There is no distinct separation between church and state. The constitution and other laws and policies protect religious freedom. The criminal code prohibits any form of discrimination against or debasement of any religion or its adherents. According to the constitution, Roman Catholicism is the state religion “with full protection from the state.” As such, it receives higher government subsidies than other religious organizations, holds a guaranteed role in education and religious teaching in schools, and has a voice in the political and legal decision-making process.
Funding for religious institutions comes from the municipalities and from the general budget, according to parliamentary decisions. The government provides Catholic and Protestant churches annual contributions in proportion to membership; smaller religious groups are eligible to apply for grants for associations of foreigners or specific projects. The two main representative bodies of the Muslim community (the Islamische Gemeinschaft and the Tuerkischer Verein) are collaborating with the government to establish an umbrella organization that receives state contributions to be used equitably for all Muslims residing in the country. The Umbrella Organization for Islamic communities of Eastern Switzerland (DIGO) also represents Muslim interests in the country. All religious groups have tax-exempt status.
Religious education is part of the curriculum at public schools. Catholic or Protestant religious education is compulsory in all primary schools, but the authorities routinely grant exemptions for children whose parents request them. The Catholic Church determines the Catholic curriculum, with minimal supervision from municipalities. The municipalities of Balzers, Triesen, and Planken supervise most closely. Some primary schools offer Islamic education.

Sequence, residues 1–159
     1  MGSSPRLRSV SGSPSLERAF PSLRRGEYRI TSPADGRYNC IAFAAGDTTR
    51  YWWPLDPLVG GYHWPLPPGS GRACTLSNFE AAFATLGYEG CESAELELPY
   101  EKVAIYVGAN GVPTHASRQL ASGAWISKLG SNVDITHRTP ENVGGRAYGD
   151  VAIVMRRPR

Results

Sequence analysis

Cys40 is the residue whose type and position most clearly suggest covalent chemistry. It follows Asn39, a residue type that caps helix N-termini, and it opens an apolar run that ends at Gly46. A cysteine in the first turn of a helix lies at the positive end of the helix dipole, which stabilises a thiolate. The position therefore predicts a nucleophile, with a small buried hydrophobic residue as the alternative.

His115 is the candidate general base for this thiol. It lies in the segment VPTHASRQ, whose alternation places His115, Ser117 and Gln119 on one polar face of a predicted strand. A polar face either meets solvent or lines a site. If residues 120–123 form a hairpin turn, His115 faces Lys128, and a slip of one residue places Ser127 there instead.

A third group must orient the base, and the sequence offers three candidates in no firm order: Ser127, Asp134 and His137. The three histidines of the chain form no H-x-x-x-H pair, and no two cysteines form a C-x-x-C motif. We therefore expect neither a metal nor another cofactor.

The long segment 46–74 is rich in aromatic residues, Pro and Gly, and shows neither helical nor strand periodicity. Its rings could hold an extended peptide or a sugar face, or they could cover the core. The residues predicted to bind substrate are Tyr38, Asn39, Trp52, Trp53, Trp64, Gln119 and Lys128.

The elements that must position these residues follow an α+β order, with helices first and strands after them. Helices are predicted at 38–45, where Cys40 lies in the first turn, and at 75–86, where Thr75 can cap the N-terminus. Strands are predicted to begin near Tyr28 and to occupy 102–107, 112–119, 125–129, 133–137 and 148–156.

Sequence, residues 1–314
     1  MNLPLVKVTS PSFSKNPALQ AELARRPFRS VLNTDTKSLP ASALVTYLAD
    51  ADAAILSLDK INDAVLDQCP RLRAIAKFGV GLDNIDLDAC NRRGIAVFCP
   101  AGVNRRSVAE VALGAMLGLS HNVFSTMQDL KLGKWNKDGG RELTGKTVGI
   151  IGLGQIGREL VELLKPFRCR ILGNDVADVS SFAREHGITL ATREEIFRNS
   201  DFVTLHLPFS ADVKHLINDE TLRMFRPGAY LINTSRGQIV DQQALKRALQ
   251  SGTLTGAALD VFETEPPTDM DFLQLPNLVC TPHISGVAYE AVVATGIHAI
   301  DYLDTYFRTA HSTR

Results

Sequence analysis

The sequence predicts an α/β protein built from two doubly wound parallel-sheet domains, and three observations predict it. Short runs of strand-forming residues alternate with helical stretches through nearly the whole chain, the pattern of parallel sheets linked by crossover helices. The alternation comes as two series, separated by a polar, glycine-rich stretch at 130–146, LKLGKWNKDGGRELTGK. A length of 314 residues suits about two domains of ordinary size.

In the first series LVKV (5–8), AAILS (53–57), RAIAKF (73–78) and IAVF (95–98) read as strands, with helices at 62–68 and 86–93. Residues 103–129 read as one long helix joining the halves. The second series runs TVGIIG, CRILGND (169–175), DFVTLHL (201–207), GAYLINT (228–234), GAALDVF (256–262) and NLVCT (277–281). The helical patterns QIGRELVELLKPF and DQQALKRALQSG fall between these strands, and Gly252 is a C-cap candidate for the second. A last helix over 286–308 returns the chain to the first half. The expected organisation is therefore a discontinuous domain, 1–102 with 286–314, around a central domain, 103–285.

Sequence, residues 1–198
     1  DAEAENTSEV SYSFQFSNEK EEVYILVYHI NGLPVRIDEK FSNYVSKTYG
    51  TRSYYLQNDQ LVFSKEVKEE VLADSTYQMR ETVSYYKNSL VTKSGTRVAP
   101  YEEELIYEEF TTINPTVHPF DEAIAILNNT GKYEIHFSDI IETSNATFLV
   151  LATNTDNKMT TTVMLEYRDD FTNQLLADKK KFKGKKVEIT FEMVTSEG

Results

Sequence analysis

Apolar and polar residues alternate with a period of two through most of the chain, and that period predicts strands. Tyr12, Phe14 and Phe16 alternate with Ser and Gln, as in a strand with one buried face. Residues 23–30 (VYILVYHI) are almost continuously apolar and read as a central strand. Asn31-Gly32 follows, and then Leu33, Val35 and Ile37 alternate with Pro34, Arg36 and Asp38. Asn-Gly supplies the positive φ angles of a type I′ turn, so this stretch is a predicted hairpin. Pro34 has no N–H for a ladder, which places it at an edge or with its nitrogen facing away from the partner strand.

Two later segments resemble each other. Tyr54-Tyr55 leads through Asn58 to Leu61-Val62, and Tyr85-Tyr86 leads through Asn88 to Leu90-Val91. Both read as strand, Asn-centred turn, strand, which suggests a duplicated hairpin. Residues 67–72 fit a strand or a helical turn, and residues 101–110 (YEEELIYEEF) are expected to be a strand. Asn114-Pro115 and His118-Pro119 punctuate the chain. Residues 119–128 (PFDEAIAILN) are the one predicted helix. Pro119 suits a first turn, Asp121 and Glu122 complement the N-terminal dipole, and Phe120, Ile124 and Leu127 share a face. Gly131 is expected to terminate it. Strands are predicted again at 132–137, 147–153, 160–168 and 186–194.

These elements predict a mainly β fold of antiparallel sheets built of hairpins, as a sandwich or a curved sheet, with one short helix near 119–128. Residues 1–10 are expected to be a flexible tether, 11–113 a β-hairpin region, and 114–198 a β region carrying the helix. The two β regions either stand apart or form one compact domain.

At the secondary school level, parents and students choose between traditional confessional education their religious community organizes and a “Religion and Culture” course. The government provides financial support to some smaller denominations that choose to offer religious education classes at their churches outside regular school hours.
To receive a religious worker visa, applicants must have completed theological studies, be a member of a nationally recognized religious group, and be sponsored by a registered member of the official religious group’s clergy. The Immigration and Passport Office normally processes visa requests for religious workers. The government subsequently issues residency permits.
The government grants the Muslim community a residency permit for one imam and one short-term residency permit for an additional imam during Ramadan. The government grants short-term residency permits primarily to the imams of the Turkish Association and other foreign Muslim institutions who agree not to allow or preach sermons that incite violence or advocate intolerance.
The government observes the following religious holidays as national holidays: Epiphany, Candlemas, Good Friday, Easter, Easter Monday, Ascension, Whit Sunday, Whit Monday, The Nativity of Mary, All Saints’ Day, Immaculate Conception, Christmas Eve, Christmas Day, and Saint Stephen’s Day. Assumption Day (August 15) is celebrated as National Day.